Many say that Paul should have been the 12th apostle chosen to replace Judas. However, Paul was not qualified to take this position. The qualified candidate needed to be with Jesus beginning with His baptism (Acts 1:21–22). At that time, Paul was with the other Pharisees who were trying to stamp out all believers in Jesus (Acts 8:3; 9:1). As a blasphemer, he would never be given another chance to be forgiven of his sins (Matthew 12:31; Mark 3:29; Luke 12:10). Paul acknowledges his past by admitting he was a blasphemer (1 Timothy 1:20). Paul could not have been saved in the previous dispensation because he was a blasphemer against the Holy Spirit, giving approval to Stephen’s death and leading the persecution against believers (acts 8:1) But in the new Dispensation of Grace, Paul was given the opportunity to be saved. Being born out of due time was not about getting saved, but about him being called to be an apostle in the dispensation of Grace. Notice the difference of the phrases in due time (at the appointed time) and out of due time (at a non-appointed time). Of course, God had already pre-planned that Paul would be called to be an apostle but had not revealed that He was going to do that until Israel, and her prophetic program, was put aside.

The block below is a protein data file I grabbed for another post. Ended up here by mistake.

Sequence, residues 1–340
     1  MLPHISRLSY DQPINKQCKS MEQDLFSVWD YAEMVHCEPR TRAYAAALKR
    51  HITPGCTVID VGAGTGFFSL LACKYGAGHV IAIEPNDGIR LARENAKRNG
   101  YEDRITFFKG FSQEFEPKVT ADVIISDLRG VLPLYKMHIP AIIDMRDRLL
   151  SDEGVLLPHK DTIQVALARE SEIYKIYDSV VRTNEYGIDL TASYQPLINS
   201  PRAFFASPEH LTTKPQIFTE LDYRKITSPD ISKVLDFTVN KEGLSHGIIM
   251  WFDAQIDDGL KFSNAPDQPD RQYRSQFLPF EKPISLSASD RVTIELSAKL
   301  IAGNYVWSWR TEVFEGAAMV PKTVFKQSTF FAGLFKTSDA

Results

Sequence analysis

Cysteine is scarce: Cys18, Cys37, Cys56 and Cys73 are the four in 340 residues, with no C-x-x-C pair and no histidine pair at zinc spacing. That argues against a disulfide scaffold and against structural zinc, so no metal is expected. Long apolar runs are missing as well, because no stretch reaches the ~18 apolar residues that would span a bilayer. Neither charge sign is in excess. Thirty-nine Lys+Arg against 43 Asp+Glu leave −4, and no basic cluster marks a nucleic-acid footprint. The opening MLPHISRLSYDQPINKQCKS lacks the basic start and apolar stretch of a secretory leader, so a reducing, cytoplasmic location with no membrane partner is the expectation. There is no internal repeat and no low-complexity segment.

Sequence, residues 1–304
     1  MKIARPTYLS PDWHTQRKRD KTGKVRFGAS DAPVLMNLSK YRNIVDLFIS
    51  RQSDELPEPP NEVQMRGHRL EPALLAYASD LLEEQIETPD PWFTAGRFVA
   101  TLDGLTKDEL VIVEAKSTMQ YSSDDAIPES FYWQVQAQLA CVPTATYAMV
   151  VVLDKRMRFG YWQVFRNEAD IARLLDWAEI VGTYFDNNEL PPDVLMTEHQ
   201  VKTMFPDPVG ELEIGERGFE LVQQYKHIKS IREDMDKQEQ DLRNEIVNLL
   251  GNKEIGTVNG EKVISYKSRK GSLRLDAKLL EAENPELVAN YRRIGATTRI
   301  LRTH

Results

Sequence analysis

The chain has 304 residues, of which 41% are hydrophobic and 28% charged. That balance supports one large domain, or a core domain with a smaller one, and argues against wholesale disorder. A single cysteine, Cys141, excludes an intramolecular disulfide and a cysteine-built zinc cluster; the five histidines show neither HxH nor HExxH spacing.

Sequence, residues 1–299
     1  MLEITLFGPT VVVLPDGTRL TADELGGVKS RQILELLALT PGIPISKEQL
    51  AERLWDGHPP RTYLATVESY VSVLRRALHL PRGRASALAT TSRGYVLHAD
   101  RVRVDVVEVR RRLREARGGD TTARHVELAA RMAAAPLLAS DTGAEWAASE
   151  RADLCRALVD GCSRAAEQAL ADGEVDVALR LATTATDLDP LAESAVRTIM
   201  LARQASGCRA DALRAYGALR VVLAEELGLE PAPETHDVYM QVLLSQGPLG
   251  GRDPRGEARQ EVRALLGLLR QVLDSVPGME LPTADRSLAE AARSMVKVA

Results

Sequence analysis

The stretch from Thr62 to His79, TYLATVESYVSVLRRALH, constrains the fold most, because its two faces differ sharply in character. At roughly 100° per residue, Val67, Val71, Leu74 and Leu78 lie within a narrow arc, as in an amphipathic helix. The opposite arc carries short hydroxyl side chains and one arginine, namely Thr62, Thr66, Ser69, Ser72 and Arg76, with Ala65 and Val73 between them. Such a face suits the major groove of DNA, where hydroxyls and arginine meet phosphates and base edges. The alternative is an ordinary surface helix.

A common gospel? (verse 11–12)
A common interpretation of verse 11 is that this shows that both Peter and Paul were preaching the same gospel. They understand that whether Peter was preaching to the Jews or Paul was preaching to the Gentiles, the same message was given out.

However, it is important to evaluate this verse in light of the context. Paul is specifically speaking of the resurrection throughout 1 Corinthians 15, following a summary of what he taught them concerning salvation in verses 1–4. Paul uses the rest of the chapter to explain and defend the resurrection of Jesus Christ. Verse 12 clarifies verse 11, that the focus is on the preaching of Jesus Christ’s resurrection, not on the gospel of salvation. The resurrection is a common element between Peter’s and Paul’s preaching, for without the resurrection, neither Peter nor Paul would have any hope in the message of what they are preaching. Peter and Paul did not preach the same gospel as shown by Galatians 2:7–9. This passage is about what gospel is being preached, not about how they are dividing up people groups. Peter was told to go to the Gentiles by Jesus in Matthew 28:19–20, while Paul often preached to Jews (Acts 13:16; 14:1; 17:17; 19:10; 18:4).